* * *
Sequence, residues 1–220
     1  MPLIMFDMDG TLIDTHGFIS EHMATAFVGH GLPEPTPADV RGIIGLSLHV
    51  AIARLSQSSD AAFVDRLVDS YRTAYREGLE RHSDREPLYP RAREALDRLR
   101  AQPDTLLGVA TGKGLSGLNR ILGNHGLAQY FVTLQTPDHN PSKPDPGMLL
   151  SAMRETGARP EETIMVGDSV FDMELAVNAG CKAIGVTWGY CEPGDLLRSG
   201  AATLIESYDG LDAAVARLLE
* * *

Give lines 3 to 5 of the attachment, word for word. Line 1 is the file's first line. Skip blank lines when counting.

    51  AIARLSQSSD AAFVDRLVDS YRTAYREGLE RHSDREPLYP RAREALDRLR
   101  AQPDTLLGVA TGKGLSGLNR ILGNHGLAQY FVTLQTPDHN PSKPDPGMLL
   151  SAMRETGARP EETIMVGDSV FDMELAVNAG CKAIGVTWGY CEPGDLLRSG